Having been invited to the launch of Splinter Cell: Blacklist, I was excited and hopeful but a little skeptical too. Was this new game going to be true to the stealthy nature of the previous Splinter Cell games like Chaos Theory? Was it going to move more in the direction of Conviction? I guess time would tell.
Microsoft HQ was littered with the new Splinter Cell marketing images. Large boards and posters were everywhere, all featuring the young new motion captured Sam Fisher played by Eric Johnson who replaced Michael Ironside from the previous games. The reason was that Ubisoft wanted a single actor instead of three to play the 4th Echelon's top stealthy sneaker. Trivia aside, I was keen to see something new about the latest addition to the Splinter Cell franchise.
The Xbox 360 development kits were all set up with pre-release code of Blacklist, and each showed the splash screen of the forthcoming game. Apparently nobody was allowed to touch the game until the presentation at 19:00 though. So I waited, eventually someone was brave enough to start the copy of Blacklist on one of the consoles. I was impressed initially, noting the constant 60 frames per second that the game ran on, as well as the sharper and smoother character movements and textures in comparison to Conviction. Another pleasant change I noticed was the larger range of facial expressions that Sam Fisher had in comparison to the previous games. Motion capture is definitely the future of 3D character animation in gaming.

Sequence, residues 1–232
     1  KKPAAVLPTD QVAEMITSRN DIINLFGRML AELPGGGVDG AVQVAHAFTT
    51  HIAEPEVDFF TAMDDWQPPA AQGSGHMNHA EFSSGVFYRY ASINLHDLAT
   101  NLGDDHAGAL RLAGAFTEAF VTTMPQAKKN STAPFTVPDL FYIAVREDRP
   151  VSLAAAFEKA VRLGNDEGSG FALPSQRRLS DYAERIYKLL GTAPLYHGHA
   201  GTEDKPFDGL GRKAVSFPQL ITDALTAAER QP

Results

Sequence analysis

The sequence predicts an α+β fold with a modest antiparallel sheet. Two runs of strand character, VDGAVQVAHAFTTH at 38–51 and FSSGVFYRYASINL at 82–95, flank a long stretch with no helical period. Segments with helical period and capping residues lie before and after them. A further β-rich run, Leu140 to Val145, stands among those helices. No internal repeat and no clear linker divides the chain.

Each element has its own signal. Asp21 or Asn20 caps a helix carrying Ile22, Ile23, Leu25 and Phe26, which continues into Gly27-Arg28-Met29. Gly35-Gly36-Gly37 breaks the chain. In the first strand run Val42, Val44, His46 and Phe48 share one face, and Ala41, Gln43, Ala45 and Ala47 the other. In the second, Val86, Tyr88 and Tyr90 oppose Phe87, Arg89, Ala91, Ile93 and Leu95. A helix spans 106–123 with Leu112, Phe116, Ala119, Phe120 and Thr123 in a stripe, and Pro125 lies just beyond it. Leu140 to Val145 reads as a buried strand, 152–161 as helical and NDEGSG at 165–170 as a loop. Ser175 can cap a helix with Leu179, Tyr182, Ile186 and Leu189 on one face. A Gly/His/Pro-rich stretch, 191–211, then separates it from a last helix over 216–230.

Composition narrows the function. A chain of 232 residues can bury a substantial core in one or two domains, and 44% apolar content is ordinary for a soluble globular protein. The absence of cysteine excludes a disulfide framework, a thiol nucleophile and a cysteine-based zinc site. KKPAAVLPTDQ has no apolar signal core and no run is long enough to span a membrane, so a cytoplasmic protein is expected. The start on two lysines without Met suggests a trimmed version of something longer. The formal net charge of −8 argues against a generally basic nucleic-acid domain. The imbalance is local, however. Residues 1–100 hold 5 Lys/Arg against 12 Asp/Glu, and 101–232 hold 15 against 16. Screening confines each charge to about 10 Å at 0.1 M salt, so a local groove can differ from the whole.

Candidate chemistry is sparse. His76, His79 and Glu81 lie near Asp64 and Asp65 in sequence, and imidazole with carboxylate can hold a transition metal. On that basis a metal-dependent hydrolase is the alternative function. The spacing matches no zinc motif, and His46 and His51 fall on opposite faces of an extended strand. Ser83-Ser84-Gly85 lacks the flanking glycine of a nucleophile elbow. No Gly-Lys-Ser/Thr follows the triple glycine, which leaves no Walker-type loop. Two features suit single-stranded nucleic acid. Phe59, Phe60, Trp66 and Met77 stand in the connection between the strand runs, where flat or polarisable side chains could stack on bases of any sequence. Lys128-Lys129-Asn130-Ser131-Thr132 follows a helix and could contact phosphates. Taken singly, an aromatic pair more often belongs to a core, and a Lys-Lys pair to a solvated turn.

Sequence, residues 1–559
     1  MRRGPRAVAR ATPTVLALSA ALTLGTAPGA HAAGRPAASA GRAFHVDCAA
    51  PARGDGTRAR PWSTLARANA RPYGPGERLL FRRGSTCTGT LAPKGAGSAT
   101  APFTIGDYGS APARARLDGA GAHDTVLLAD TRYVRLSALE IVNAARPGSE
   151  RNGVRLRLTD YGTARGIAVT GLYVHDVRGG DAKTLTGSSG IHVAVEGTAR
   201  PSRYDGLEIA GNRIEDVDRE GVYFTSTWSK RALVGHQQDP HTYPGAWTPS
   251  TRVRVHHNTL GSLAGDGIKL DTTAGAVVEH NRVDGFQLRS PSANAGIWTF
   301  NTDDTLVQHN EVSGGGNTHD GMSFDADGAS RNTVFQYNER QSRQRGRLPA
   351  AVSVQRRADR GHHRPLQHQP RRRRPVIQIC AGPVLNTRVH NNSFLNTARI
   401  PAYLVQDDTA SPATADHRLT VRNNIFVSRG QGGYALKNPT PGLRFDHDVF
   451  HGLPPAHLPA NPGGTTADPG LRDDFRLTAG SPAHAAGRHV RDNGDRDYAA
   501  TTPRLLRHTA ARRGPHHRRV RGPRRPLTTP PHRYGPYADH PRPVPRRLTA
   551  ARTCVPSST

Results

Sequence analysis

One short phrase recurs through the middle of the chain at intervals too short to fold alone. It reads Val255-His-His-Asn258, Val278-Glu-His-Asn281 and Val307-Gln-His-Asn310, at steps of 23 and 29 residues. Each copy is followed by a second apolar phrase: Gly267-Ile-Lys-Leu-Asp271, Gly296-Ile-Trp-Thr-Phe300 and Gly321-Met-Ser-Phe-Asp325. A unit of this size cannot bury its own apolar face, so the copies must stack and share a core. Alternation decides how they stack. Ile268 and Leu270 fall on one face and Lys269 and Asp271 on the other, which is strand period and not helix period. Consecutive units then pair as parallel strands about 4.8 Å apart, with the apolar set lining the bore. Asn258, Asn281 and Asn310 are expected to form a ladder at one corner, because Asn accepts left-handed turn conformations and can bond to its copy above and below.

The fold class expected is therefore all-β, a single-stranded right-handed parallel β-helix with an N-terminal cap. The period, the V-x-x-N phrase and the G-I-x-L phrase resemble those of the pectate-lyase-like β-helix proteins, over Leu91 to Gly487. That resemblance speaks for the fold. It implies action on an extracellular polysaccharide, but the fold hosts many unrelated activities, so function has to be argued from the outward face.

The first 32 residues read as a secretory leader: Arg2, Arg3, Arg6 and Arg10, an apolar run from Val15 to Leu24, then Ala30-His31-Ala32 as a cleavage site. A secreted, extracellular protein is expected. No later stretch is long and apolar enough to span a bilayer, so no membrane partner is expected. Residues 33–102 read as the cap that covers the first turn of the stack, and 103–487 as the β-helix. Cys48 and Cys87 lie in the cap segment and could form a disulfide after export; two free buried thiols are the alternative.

With everyone having arrived the presentation started on the dot at 19:00. Devon Stanton, Marketing director of Megarom Games stood in the center of two large projector screens showing the Blacklist logo. Greetings aside were were shown the box art of the original Splinter Cell games and were given a rough history of the series. After a few minutes Devon moved onto Blacklist, the real reason we were here (apart from free food and drinks for some of us, of course!). He started with a live demo of the Xbox 360 version of the game. Sam Fisher was getting ready to deploy in a mountainous area being heavily patrolled by a number of armed soldiers. Playing Sam Fisher's backup, Briggs, Devon proceeded to use a suppressed sniper rifle to clear the field so that the real mission could start. After the enemies were downed, Fisher took to the ground entering a small stream leading into a green picturesque clearing preceding a small village where a small army was taking up residence.
Different play styles